Analysis of a genomic segment of white spot syndrome virus of shrimp containing ribonucleotide reductase genes and repeat regions

M.C.W. van Hulten, M.F. Tsai, C.A. Schipper, C.F. Lo, G.H. Kou, J.M. Vlak

Research output: Contribution to journalArticleAcademicpeer-review

69 Citations (Scopus)

Abstract

White spot syndrome is a worldwide disease of penaeid shrimp. The disease agent is a bacilliform, enveloped virus, white spot syndrome virus (WSSV), with a double-stranded DNA genome that probably contains well over 200 kb. Analysis of a 12?3 kb segment of WSSV DNA revealed eight open reading frames (ORFs), including the genes for the large (RR1) and small (RR2) subunits of ribonucleotide reductase. The rr1 and rr2 genes were separated by 5760 bp, containing several putative ORFs and two domains with multiple sequence repeats. The first domain contained six direct repeats of 54 bp and is part of a coding region. The second domain had one partial and two complete direct repeats of 253 bp at an intergenic location. This repeat, located immediately upstream of rr1, has homologues at several other locations on the WSSV genome. Phylogenetic analysis of RR1 and RR2 indicated that WSSV belongs to the eukaryotic branch of an unrooted parsimonious tree and, further, seems to suggest that WSSV and baculoviruses probably do not share an immediate common ancestor. The present analysis of WSSV favours the view that this virus is either a member of a new genus (Whispovirus) within the Baculoviridae or a member of an entirely new virus family.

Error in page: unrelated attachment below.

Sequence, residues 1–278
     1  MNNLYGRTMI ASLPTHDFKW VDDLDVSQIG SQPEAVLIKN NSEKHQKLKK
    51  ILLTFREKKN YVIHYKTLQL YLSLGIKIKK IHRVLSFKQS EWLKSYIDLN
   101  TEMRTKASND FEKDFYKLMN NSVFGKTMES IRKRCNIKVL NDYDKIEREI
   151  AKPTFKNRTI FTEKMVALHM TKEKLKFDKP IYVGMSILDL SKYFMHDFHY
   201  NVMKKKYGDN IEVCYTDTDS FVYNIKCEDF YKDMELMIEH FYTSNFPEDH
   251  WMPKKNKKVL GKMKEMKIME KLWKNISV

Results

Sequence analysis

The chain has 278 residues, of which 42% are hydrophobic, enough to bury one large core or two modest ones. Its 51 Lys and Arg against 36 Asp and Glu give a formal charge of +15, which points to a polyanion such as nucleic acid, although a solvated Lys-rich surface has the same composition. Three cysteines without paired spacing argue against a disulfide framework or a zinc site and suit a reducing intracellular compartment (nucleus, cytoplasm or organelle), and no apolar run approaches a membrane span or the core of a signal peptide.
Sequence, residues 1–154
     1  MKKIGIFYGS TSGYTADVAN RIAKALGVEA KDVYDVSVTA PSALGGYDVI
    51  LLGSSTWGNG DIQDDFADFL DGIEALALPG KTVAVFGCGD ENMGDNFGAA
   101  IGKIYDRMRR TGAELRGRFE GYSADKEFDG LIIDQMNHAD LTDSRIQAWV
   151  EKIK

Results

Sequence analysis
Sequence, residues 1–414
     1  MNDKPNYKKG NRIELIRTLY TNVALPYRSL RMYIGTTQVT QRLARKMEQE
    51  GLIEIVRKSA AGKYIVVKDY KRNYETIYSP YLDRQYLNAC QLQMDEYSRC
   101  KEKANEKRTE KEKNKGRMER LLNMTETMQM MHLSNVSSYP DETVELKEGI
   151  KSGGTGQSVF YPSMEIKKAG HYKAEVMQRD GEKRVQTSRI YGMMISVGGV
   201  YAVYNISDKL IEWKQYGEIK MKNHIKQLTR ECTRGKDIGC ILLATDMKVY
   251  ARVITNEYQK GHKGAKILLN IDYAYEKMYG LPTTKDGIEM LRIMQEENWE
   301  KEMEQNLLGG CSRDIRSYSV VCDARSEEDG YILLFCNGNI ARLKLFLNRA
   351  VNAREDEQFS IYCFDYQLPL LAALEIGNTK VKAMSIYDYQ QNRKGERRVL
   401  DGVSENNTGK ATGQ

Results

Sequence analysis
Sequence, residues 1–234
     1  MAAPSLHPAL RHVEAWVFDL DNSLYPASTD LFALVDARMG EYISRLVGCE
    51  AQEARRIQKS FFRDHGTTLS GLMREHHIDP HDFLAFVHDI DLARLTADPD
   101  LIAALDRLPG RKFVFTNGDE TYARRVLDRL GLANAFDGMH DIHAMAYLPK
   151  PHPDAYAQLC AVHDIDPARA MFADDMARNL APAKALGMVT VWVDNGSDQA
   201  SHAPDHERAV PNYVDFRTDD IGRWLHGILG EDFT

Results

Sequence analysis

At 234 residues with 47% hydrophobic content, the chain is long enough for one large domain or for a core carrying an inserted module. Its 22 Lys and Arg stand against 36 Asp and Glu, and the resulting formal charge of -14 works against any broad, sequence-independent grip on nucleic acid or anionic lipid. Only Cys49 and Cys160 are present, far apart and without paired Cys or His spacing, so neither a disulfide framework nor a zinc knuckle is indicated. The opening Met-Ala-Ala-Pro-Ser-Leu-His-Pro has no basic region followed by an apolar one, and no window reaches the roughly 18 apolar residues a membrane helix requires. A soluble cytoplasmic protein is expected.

Original languageEnglish
Pages (from-to)307-316
JournalJournal of General Virology
Volume81
Publication statusPublished - 2000

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